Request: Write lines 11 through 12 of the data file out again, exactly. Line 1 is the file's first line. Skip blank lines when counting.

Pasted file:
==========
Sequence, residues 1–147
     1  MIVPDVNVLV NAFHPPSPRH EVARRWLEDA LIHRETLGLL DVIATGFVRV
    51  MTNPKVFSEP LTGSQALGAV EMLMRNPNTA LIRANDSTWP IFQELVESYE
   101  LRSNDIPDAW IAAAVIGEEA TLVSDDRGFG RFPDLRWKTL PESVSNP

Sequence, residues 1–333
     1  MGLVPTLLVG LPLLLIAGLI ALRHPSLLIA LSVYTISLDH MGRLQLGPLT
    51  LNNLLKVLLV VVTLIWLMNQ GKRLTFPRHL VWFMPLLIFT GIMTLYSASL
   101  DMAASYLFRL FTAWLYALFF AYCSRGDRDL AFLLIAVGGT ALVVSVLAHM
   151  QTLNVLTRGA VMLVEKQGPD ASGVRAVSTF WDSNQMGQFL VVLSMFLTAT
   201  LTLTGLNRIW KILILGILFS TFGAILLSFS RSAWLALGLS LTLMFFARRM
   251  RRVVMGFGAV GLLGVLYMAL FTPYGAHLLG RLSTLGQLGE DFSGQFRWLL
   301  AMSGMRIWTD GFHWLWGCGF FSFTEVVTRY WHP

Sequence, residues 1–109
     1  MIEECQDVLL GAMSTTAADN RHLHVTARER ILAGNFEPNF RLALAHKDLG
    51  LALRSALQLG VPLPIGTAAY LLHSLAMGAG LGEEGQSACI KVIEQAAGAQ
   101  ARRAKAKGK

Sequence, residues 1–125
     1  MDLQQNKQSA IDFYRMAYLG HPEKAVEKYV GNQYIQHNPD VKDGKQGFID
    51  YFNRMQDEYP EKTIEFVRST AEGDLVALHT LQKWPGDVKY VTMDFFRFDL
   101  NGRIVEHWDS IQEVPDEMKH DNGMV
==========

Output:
   251  RRVVMGFGAV GLLGVLYMAL FTPYGAHLLG RLSTLGQLGE DFSGQFRWLL
   301  AMSGMRIWTD GFHWLWGCGF FSFTEVVTRY WHP